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Last Updated: Saturday, 3 July, 2004, 15:52 GMT 16:52 UK
Wimbledon bewitched by Sharapova
By Dan Warren

In many ways, Maria Sharapova is as typical an example of a 17-year-old female as you will find.

Sharapova celebrates her extraordinary win
Sharapova's win will transform her into a worldwide star
After all, she spent Saturday afternoon fiddling with her mobile phone and giggling about boys.

The only difference was that she did this in front of a worldwide audience of millions having just won Wimbledon.

In the aftermath of her shock triumph over Serena Williams, Sharapova showed just why she is set to be one of the biggest assets the women's game has ever seen.

During the game she displayed power and steely resolve which belied her tender years.

Yet her almost frightening focus gave way at the moment of triumph as she sank to her knees, hands over her face after a shot from defending champion Williams hit the net.

This was followed by the now-obligatory run into the crowd where she - eventually - found and embraced father Yuri.

Then there was the now-obligatory moment for the television archives, as she took her father's mobile phone and attempted to make a call to mother Yelena - only to be scuppered by the lack of reception.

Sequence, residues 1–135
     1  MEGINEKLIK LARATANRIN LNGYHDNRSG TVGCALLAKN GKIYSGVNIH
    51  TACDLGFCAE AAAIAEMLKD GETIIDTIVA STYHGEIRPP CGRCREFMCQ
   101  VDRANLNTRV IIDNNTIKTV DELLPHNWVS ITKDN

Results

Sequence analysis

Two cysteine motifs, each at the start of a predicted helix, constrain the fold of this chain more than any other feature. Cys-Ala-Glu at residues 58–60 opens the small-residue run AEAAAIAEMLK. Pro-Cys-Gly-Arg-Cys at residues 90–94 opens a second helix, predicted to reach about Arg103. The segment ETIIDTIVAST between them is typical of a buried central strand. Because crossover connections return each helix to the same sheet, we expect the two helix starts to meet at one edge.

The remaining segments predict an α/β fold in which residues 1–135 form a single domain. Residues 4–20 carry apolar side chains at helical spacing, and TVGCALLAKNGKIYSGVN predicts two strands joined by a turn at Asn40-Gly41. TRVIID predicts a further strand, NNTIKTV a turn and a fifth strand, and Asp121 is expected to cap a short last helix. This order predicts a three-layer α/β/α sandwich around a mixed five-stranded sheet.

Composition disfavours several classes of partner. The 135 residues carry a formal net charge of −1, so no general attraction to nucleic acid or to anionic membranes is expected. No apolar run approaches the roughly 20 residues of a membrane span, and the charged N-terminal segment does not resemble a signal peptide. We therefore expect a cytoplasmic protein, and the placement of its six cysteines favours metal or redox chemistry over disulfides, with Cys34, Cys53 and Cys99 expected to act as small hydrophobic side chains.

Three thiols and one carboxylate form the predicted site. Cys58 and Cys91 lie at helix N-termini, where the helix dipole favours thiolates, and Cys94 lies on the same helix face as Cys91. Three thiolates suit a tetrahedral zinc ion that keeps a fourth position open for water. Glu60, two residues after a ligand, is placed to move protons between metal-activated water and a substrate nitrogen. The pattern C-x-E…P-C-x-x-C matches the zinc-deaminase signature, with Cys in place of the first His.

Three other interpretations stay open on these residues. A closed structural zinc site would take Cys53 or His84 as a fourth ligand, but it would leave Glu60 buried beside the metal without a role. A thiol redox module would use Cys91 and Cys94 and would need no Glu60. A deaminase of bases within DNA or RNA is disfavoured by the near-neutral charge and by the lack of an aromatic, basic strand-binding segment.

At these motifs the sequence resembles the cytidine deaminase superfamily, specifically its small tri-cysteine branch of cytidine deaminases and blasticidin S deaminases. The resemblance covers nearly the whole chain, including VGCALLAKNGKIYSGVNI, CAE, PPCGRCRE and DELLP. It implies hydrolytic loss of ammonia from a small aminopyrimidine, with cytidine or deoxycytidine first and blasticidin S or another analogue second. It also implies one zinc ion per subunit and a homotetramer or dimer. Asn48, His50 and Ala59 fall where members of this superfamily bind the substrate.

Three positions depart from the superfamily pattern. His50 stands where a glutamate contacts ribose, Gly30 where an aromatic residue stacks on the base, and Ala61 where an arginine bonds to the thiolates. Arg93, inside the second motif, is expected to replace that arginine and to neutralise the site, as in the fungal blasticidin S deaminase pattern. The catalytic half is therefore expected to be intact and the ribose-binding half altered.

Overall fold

But while we might have expected the emotion and drama of the occasion to get to the teen, Sharapova retained a level of composure which no-one really had the right to expect.

Maria Sharapova embraces her father Yuri after her Wimbledon win
Sharapova raced into the crowd to embrace father Yuri after her win
Sure, there were nervous giggles and a little wavering in the voice as she thanked everyone who had helped go so far so quickly.

There was an apologetic tone as she nervously addressed her opponent, joking: "Serena, I'm sorry to have to take this from you for one year!"

Perhaps at that point she realised the magnitude of what she had achieved in beating a player destined to become an all-time great of women's tennis.

But she was soon back to her natural ebullient self, saying she would like to "cut up" the trophy and "give a piece to everyone in the crowd".

Of course, her rise to superstardom will not be hindered by the model good looks which will also raise the profile of the women's game.

And intriguingly, her roll-call of post-match thanks included "one person I'd like to thank - but I'm not going to give the name of - for inspiring me to win this tournament".

The tabloids will have a field day, naturally, as they try and guess the identity of the mystery "inspiration".

And such talk will ensure that Sharapova's 2004 Wimbledon triumph will keep the women's game in the newspapers - both on the back and front pages - for some time.




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